On February 15, 2008, the City of Asbury Park (Monmouth County) agreed to pay $25,000 to three local residents who sued members of the Asbury Park Police Department for allegedly searching their home without a warrant.

In their suit, Sterling Shaw, Ivory Shaw and Tammy Thompson said that on April 12, 2005 Asbury Park Police Officers David DeSane, Brian Townsend, Daniel Kowsaluk, Gregory Kochman, Marvin Terry and J. Campos entered their home without a warrant and conducted a search.  They claim that “the search was conducted in a threatening and abusive manner, during which defendants, made lewd sexual threats and verbally assaulted and abused” them.  They further claim that the police found nothing incriminating and that no charges were filed as a result of the search.

Also named in the suit was Asbury Park City Manager Terence J. Reidy.

The case is captioned the Sterling Shaw, Ivory Shaw and Tammy Thompson v. Asbury Park, Federal Case No. 3:06-6-00509 and the Shaws’ and Thompson’s attorney was John D. Feeley of South Orange.  Case documents are on-line here.

The settlement agreement contains a confidentiality clause, which prevents the parties to the suit from publicly disclosing the settlement terms.  Fortunately, however, these confidentiality clauses do not trump the public’s right to obtain copies of settlement agreements that arise out of lawsuits in which a government agency or official is a defendant.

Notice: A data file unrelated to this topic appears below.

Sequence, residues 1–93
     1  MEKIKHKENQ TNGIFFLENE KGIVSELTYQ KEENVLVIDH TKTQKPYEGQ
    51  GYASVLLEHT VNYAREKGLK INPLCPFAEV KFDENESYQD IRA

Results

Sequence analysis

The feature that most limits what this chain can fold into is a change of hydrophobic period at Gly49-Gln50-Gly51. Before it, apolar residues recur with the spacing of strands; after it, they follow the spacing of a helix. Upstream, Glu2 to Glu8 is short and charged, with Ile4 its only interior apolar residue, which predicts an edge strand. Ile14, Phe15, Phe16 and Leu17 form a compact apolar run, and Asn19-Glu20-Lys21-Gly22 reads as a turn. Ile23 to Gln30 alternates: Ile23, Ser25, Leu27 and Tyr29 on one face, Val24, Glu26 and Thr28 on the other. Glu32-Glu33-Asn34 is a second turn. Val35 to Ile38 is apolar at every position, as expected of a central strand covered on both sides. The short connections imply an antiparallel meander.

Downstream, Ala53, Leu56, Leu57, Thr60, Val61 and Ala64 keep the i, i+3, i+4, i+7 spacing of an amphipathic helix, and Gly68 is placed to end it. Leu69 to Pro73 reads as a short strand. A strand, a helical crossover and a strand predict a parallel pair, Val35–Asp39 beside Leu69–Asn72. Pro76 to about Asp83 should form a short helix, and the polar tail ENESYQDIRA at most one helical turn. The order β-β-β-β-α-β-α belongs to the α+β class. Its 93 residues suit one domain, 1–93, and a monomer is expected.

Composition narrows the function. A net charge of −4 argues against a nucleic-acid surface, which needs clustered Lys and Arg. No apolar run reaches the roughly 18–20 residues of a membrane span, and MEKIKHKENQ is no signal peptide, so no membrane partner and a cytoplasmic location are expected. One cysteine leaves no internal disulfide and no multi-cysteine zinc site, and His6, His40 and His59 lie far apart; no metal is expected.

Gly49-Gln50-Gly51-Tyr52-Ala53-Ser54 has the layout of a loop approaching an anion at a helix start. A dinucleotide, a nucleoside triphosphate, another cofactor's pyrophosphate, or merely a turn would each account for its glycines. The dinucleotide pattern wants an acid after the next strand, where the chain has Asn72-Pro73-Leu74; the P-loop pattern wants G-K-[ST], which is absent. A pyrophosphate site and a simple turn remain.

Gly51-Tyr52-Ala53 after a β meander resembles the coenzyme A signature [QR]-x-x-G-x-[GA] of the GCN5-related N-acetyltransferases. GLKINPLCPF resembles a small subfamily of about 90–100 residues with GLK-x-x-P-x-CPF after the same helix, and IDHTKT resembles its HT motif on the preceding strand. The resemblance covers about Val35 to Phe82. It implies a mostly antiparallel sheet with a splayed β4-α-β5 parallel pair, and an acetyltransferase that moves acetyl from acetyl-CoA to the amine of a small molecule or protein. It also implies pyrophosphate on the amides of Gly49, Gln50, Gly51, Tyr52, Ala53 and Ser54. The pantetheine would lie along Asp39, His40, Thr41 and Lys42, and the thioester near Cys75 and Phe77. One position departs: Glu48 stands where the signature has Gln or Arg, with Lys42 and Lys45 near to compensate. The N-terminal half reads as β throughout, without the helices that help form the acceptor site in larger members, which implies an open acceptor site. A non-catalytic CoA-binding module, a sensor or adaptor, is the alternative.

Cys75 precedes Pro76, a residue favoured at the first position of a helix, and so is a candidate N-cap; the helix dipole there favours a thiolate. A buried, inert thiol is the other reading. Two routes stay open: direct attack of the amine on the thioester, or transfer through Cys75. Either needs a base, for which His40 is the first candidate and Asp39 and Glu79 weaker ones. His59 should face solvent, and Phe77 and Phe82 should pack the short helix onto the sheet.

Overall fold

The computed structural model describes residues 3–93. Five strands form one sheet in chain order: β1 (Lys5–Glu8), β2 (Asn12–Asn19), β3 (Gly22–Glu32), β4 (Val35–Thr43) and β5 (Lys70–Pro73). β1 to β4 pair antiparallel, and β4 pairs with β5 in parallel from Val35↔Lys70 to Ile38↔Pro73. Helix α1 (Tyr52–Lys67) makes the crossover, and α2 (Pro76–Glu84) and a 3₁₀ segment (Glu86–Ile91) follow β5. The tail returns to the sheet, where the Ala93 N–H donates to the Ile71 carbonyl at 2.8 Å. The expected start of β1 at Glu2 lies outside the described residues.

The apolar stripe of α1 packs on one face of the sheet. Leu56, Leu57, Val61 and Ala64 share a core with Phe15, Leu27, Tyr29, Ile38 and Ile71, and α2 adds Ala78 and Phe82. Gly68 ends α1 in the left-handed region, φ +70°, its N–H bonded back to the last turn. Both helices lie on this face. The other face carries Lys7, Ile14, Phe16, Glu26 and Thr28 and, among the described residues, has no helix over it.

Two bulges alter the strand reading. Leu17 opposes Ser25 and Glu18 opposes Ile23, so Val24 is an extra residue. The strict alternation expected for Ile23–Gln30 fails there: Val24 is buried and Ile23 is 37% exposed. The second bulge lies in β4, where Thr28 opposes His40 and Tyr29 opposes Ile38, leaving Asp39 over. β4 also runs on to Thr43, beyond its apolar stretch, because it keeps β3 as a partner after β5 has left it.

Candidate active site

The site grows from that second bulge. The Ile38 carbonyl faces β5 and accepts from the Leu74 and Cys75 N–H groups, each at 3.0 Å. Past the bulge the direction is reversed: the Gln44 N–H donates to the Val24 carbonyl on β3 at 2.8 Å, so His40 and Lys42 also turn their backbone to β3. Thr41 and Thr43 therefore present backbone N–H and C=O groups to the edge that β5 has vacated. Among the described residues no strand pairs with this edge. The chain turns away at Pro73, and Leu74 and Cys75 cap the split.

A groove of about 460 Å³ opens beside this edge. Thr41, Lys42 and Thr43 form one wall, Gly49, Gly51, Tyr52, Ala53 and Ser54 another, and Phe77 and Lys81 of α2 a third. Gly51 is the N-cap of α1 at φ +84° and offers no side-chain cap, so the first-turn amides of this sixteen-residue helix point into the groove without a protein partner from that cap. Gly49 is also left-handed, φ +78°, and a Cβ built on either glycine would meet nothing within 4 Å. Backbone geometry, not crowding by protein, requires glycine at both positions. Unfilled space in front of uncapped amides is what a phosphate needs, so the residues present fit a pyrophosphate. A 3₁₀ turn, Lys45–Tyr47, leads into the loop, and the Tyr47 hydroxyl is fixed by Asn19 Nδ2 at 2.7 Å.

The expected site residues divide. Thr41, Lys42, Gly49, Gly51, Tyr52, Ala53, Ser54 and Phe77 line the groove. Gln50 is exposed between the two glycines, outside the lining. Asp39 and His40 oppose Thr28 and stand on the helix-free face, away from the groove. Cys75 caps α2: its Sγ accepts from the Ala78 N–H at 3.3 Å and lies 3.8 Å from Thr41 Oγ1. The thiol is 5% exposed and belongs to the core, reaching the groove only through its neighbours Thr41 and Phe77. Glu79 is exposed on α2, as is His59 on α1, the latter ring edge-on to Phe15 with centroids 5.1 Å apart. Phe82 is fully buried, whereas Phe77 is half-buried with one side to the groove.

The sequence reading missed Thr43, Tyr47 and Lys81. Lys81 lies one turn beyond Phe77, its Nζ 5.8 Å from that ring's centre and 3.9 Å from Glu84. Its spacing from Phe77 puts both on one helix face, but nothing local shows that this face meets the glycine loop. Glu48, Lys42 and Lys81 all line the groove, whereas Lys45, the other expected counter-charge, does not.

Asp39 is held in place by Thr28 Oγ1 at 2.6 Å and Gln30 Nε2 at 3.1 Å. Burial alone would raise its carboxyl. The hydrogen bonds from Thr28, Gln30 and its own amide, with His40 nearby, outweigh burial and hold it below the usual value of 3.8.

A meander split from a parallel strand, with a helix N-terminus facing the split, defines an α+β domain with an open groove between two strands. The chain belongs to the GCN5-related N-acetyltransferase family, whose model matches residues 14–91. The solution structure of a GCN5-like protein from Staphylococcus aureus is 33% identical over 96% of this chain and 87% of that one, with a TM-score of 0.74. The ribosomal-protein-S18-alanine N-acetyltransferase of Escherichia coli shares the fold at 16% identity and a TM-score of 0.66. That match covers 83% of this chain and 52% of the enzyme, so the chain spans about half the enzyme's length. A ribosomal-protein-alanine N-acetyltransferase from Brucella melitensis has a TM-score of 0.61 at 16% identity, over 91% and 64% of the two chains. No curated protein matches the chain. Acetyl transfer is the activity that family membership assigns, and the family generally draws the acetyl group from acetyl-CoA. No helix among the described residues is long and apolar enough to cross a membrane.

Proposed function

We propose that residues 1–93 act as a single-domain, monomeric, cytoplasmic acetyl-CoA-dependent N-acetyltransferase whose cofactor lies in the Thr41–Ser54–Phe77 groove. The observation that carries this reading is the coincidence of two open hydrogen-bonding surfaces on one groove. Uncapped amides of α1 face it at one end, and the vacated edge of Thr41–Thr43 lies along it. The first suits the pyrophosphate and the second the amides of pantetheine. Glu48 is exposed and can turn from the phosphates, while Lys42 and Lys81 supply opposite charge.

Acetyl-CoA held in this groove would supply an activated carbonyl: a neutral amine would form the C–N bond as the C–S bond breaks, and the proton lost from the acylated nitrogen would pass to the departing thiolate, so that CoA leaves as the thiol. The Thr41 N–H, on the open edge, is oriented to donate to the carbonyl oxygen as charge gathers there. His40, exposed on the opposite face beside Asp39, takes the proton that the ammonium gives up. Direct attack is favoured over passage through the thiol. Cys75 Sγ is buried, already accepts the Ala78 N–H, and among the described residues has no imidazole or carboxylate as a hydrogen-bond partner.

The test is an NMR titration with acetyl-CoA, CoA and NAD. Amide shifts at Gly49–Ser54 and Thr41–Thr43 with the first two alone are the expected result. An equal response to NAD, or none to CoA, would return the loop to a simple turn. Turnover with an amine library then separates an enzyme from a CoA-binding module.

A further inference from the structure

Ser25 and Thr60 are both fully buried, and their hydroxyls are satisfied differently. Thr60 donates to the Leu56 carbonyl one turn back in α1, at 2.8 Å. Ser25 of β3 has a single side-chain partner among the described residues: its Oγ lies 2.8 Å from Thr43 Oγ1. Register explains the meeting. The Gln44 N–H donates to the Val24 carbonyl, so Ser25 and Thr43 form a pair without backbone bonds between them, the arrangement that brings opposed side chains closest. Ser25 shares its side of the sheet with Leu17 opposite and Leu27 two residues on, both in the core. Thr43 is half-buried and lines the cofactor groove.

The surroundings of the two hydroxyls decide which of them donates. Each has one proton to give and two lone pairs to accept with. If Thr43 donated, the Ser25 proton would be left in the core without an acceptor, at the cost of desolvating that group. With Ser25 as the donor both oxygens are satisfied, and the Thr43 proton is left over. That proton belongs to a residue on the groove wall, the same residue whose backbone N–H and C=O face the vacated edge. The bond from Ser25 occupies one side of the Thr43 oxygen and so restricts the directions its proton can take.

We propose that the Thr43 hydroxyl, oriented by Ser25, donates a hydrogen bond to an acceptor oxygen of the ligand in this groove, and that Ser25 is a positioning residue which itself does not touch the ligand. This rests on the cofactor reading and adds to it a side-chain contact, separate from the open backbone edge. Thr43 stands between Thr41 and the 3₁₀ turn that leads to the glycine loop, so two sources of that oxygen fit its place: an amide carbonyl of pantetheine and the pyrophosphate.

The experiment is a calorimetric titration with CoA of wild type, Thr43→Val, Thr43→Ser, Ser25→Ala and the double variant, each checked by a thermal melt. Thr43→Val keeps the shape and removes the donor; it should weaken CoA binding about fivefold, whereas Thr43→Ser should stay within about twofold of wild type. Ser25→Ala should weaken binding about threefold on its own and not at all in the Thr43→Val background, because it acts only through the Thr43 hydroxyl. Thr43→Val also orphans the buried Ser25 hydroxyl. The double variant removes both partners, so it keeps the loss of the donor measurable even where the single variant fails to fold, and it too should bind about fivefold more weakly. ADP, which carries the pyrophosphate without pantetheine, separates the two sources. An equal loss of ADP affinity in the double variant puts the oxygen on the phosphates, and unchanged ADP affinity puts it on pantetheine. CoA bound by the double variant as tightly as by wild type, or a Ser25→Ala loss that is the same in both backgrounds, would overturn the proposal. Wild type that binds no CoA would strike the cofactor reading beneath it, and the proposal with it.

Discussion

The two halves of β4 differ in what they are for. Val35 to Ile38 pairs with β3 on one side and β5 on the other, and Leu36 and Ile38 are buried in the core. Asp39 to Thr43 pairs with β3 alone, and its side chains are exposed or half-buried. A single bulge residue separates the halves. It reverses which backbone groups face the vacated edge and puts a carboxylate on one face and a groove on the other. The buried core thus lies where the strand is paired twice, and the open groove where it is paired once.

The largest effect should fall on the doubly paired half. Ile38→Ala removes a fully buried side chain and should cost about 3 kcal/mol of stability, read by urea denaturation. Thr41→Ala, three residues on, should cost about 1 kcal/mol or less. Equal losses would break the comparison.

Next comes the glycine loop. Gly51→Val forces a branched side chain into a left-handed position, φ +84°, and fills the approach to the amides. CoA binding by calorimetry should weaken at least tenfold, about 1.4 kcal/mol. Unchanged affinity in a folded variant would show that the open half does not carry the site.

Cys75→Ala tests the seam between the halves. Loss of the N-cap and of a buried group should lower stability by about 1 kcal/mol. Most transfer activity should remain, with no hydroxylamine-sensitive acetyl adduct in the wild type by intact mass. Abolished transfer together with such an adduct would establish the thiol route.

None of the Shaws’ and Thompson’s allegations have been proven or disproven in court. The settlement agreement resolution expressly states that the $25,000 payment does not constitute an admission of wrongdoing by Asbury Park or any of its officials. All that is known for sure is that Asbury Park or its insurer, for whatever reason, decided that it would rather pay the Shaws and Thompson $25,000 than take the matter to trial. Perhaps the defendants’ decision to settle was done to save further legal expense and the costs of trying what were in fact exaggerated or meritless claims. Or, perhaps the claims were true and the defendants wanted to avoid being embarrassed at trial. This is the problem when cases settle before trial–it is impossible to know the truth of what really happened.

Chairman of the New Jersey Libertarian Party's Open Government Advocacy Project. Please send all comments to [email protected]